ἁρπάζω -> ἡρπάκη



Conjugations


 

Verb and Tense Stems, Connecting Vowels, and Personal Endings

  1. For an excellent explanation of these, see William W. Goodwin's An Elementary Greek Grammar, Ginn Brothers, Boston, 1873, #106-114, pp 79-88.

Personal Endings - Indicative Active Voice
 
    primary tenses
    (unaugmented)
 
      secondary tenses
    (augmented)
 
  singular dual plural   singular dual plural
1st -μι -μεν   -μεν
2nd -ς (σι) -τον -τε   -τον -τε
3rd -σι (τι) -τον -νσι   - -την -ν, -σαν

  Forming Indicative Verbs in Ω
 
 
Active Voice
                singular   dual   plural  
                1st 2nd 3rd   2nd 3rd   1st 2nd 3rd  
  Primary Tenses
v.   Present     stem     + ω εις ει   ετον ετον   ομεν ετε ουσι λύω
x.   Future     stem + σ + ω εις ει   ετον ετον   ομεν ετε ουσι λύσω
xii.   1st Perfect perfect aug./dupl. + stem + κ + α ας ε   ατον ατον   αμεν ατε ασι λέλυκα
xii.   2nd Perfect perfect aug./dupl. + stem     + α ας ε   ατον ατον   αμεν ατε ασι δεδίωχα
 
Secondary Tenses
vii.   Imperfect augment + stem     + ον ες ε   ετον ετην   ομεν ετε ον λυον
x.   1st Aorist augment + stem + σ + α ας ε   ατον ατην   αμεν ατε αν λυσα
x.   2nd Aorist augment + stem     + ον ες ε   ετον ετην   ομεν ετε ον λιπον
xii.   1st Pluperfect pluperf. aug./dupl. + stem + κ + η ης ει   ετον ετην   εμεν ετε εσαν ἐλελύκη
xii.   2nd Pluperfect pluperf. aug./dupl. + stem     + η ης ει   ετον ετην   εμεν ετε εσαν ἐδεδιώχη

Compound Verbs

  1. Compound verbs take the augment between the preposition and the simple verb. If two vowels come together, the vowel of the preposition is usually elided.

Verb Paradigms
 
  Indicative
xviii.   Present Tense εἰμί, I am (#795, pg 261)
xviii.   Imperfect Tense ἦ, ἦν, I was (#795, pg 261)
  Indicative Active
v.   Present Tense λύω, I loose, destroy
ἁρπάζω, I seize, rob, plunder
ἔχω, I have, hold
(#55, pg 12 and #765, pg 238)
x.   Future Tense λύσω, I shall loose or destroy
πέμψω, I shall send
ἄξω, I shall lead
ἕξω(irreg.), I shall have
(#86, pg 22; #91, pg 23; and #766, pg 239)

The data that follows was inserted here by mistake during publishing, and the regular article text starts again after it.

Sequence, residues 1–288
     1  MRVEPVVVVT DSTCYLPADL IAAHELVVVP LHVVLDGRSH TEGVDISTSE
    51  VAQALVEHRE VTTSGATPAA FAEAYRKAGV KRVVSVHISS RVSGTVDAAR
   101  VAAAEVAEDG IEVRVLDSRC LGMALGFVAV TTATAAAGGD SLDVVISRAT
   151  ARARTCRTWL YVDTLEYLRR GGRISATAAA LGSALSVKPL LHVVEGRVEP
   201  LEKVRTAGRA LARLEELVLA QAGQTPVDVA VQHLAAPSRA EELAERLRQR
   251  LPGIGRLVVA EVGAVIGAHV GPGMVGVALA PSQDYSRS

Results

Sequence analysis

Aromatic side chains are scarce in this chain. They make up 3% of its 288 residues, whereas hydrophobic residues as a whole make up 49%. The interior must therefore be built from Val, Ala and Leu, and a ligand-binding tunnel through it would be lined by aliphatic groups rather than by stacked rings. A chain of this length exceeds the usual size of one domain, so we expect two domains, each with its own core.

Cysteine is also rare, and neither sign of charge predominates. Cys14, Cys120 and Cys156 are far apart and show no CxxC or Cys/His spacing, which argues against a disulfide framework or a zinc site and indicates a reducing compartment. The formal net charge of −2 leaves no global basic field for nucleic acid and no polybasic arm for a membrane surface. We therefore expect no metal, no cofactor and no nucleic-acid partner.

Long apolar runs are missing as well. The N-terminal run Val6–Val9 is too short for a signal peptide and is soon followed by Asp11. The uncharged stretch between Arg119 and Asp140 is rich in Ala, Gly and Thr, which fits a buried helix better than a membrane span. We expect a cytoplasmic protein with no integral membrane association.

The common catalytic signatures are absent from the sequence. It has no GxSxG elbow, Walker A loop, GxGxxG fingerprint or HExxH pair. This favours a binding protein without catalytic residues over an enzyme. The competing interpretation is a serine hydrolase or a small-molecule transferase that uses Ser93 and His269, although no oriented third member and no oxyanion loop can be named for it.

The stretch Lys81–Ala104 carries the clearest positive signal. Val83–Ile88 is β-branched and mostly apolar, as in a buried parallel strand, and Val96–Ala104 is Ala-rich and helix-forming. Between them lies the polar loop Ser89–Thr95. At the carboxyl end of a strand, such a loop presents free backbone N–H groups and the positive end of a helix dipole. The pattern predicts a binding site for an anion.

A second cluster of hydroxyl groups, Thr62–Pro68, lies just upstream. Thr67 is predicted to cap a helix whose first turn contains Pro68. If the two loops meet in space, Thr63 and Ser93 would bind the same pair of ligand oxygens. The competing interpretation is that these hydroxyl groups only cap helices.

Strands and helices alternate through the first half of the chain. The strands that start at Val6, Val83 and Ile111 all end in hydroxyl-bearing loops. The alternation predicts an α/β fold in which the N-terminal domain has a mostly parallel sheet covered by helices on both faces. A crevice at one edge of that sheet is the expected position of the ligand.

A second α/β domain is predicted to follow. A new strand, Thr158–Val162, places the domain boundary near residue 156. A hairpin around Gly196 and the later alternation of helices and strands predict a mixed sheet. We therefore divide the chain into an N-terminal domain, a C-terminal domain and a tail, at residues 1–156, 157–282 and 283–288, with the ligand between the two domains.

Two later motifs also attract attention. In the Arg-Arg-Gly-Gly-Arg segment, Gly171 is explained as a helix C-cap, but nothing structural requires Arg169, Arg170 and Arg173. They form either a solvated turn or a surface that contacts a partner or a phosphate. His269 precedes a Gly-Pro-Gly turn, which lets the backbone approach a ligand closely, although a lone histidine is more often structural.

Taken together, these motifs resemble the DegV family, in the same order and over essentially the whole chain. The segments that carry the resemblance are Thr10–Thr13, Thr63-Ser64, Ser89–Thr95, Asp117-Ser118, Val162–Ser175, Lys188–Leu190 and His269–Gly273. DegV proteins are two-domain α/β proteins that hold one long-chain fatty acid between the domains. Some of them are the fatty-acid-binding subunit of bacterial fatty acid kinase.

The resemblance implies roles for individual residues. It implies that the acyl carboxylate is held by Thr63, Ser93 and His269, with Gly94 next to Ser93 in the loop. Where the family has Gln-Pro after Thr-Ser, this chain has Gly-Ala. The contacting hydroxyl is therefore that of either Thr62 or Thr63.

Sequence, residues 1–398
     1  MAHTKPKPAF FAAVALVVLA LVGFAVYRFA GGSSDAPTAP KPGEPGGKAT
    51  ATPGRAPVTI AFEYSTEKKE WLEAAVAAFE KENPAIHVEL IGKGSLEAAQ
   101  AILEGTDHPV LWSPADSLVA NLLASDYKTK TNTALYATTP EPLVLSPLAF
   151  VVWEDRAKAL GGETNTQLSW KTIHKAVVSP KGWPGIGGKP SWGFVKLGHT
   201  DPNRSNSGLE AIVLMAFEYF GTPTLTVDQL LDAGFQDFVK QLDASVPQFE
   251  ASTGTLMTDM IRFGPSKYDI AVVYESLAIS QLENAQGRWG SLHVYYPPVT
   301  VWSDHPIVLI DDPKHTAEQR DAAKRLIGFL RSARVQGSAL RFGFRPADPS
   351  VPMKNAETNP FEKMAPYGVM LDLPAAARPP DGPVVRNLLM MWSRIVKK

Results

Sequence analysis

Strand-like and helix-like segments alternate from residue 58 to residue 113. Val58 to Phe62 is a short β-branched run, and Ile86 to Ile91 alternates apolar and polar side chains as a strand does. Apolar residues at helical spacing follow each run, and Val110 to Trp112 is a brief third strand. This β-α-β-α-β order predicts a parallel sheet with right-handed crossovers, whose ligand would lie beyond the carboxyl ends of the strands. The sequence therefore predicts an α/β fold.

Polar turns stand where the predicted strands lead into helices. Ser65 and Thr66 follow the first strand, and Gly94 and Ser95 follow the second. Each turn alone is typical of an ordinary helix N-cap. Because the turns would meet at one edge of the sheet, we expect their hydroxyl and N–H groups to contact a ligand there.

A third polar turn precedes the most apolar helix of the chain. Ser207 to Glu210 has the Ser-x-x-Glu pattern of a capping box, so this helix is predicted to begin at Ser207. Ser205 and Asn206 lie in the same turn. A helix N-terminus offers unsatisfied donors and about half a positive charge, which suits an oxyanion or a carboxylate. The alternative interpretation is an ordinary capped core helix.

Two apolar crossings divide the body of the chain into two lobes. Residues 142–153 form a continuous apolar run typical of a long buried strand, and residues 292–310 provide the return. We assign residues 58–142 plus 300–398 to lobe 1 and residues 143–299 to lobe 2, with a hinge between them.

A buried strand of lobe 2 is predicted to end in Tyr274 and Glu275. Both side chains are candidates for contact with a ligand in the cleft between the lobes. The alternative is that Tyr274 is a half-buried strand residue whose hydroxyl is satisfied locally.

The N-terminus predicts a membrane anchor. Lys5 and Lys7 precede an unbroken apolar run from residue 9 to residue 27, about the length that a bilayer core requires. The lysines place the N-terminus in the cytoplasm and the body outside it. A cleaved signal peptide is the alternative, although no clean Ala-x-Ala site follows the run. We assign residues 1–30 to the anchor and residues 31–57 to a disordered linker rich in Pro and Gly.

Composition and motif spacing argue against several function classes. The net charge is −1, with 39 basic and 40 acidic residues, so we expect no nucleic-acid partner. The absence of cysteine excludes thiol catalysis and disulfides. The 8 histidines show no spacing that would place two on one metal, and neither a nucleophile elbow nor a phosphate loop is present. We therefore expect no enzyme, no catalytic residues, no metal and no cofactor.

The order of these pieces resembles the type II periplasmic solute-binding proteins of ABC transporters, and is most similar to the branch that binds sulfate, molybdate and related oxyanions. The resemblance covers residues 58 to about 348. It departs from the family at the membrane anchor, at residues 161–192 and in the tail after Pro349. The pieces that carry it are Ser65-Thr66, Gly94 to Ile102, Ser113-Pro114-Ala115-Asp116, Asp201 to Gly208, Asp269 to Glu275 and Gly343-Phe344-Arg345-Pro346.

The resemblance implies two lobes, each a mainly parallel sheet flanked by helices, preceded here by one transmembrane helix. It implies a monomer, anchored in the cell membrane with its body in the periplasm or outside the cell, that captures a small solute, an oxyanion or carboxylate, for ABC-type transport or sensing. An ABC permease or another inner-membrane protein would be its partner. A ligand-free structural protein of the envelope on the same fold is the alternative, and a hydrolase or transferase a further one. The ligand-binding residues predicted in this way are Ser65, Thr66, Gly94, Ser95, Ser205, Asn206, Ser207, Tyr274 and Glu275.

xii.   1st Perfect λέλυκα, I have loosed
τέθυκα, I have sacrificed
ἐστράτευκα, I have made an expedition
ἔσχηκα, I have held
ἤθροικα, I have collected
ἥρπακα, I have plundered
(#106-110, pg 26-27; #112 & 113, pg 28; and #768, pg 240)
xii.   2nd Perfect πέπομφα, I have sent
δεδίωχα, I have pursued
ἦχα, I have led
λέλοιπα, I have left
(#114, pg 28 and #774, pg 243)
vii.   Imperfect ἔλυον, I was loosing, I loosed
ἥρπαδζον, I was plotting
εἶχον(irreg.), I was holding
(#67, #68, pg 16 and #765, pg 238)
x.   1st Aorist ἔλυσα, I loosed
ἔπενψα, I sent
ἐπ-εβουλεύσα, I plotted against
ἤθροισα, I collected
(#86, pg 22; #93, pg 23; and #767, pg 239)
x.   2nd Aorist ἤγαγον, I led
ἔσχον, I had
ἔλιπον, I departed
(#91, pg 23 and #773, pg 243)
xii.   1st Pluperfect ἐστρατεύκη, I had made an expedition
ἡρπάκη, I had plundered
ἐλελύκη, I had loosed
ἐσκήκη, I had held
ἠθροίκη, I had collected
(#107-110, pg 27; #112 & 113, pg 28; and #768, pg 240)
xii.   2nd Pluperfect ἐπεπόμφη, I had sent
ἐδεδιώχη, I had pursued
ἤχη, I had led
ἐλελοίπη, I had left
(#114, pg 28 and #774, pg 243)
  Infinitive Active
x.   Present λύειν, to loose
πέμπειν, to send
(#92, pg 23)



Prepositions


With the Genitive
  1. ἀντί -- instead of.
  2. ἀπό -- off from, from.
  3. διά -- through.
  4. ἐξ, ἐκ -- out of, from.
  5. ἐπί -- on, upon.
  6. μετά -- with, in company with.
  7. πρός -- over, against (implying motion from a place).
With the Dative
  1. ἐν -- in.
  2. ἐπί -- on, by, at.
  3. σύν -- with, in company with.
  4. πρός -- at.
With the Accusative
  1. διά -- on account of.
  2. εἰς -- into, to.
  3. ἐπί -- upon, to, against.
  4. μετά -- behind, after.
  5. πρός -- to, against, toward (motion toward).



Postpositives


  1. Never placed first in a sentence or clause, but usually second.
  1. δέ , conj. -- but, and.
  2. γάρ , conj. -- for.
  3. οὖν , conj. -- then, therefore, accordingly, consequently, now, so.
  4. τε ... καί , conj. -- both, and.